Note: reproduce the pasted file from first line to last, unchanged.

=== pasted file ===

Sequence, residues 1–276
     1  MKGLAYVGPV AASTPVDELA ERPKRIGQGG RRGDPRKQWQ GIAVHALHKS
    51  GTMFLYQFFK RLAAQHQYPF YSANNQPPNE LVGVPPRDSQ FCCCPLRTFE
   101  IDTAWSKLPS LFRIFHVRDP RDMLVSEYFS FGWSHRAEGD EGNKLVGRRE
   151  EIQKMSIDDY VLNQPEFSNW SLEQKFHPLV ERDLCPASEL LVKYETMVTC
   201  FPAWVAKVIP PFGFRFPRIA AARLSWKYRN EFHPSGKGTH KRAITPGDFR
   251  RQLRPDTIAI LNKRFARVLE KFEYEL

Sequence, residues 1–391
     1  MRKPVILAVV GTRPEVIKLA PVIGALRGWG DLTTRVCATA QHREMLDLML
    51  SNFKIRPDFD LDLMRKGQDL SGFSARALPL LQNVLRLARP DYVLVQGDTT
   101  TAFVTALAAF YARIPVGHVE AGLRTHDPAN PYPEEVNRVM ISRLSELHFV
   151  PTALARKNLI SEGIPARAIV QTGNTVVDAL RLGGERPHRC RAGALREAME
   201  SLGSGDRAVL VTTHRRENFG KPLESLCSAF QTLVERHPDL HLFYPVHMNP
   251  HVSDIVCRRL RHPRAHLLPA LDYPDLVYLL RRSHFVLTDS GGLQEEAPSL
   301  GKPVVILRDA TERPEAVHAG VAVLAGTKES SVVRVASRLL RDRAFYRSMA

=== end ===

Sequence, residues 1–276
     1  MKGLAYVGPV AASTPVDELA ERPKRIGQGG RRGDPRKQWQ GIAVHALHKS
    51  GTMFLYQFFK RLAAQHQYPF YSANNQPPNE LVGVPPRDSQ FCCCPLRTFE
   101  IDTAWSKLPS LFRIFHVRDP RDMLVSEYFS FGWSHRAEGD EGNKLVGRRE
   151  EIQKMSIDDY VLNQPEFSNW SLEQKFHPLV ERDLCPASEL LVKYETMVTC
   201  FPAWVAKVIP PFGFRFPRIA AARLSWKYRN EFHPSGKGTH KRAITPGDFR
   251  RQLRPDTIAI LNKRFARVLE KFEYEL

Sequence, residues 1–391
     1  MRKPVILAVV GTRPEVIKLA PVIGALRGWG DLTTRVCATA QHREMLDLML
    51  SNFKIRPDFD LDLMRKGQDL SGFSARALPL LQNVLRLARP DYVLVQGDTT
   101  TAFVTALAAF YARIPVGHVE AGLRTHDPAN PYPEEVNRVM ISRLSELHFV
   151  PTALARKNLI SEGIPARAIV QTGNTVVDAL RLGGERPHRC RAGALREAME
   201  SLGSGDRAVL VTTHRRENFG KPLESLCSAF QTLVERHPDL HLFYPVHMNP
   251  HVSDIVCRRL RHPRAHLLPA LDYPDLVYLL RRSHFVLTDS GGLQEEAPSL
   301  GKPVVILRDA TERPEAVHAG VAVLAGTKES SVVRVASRLL RDRAFYRSMA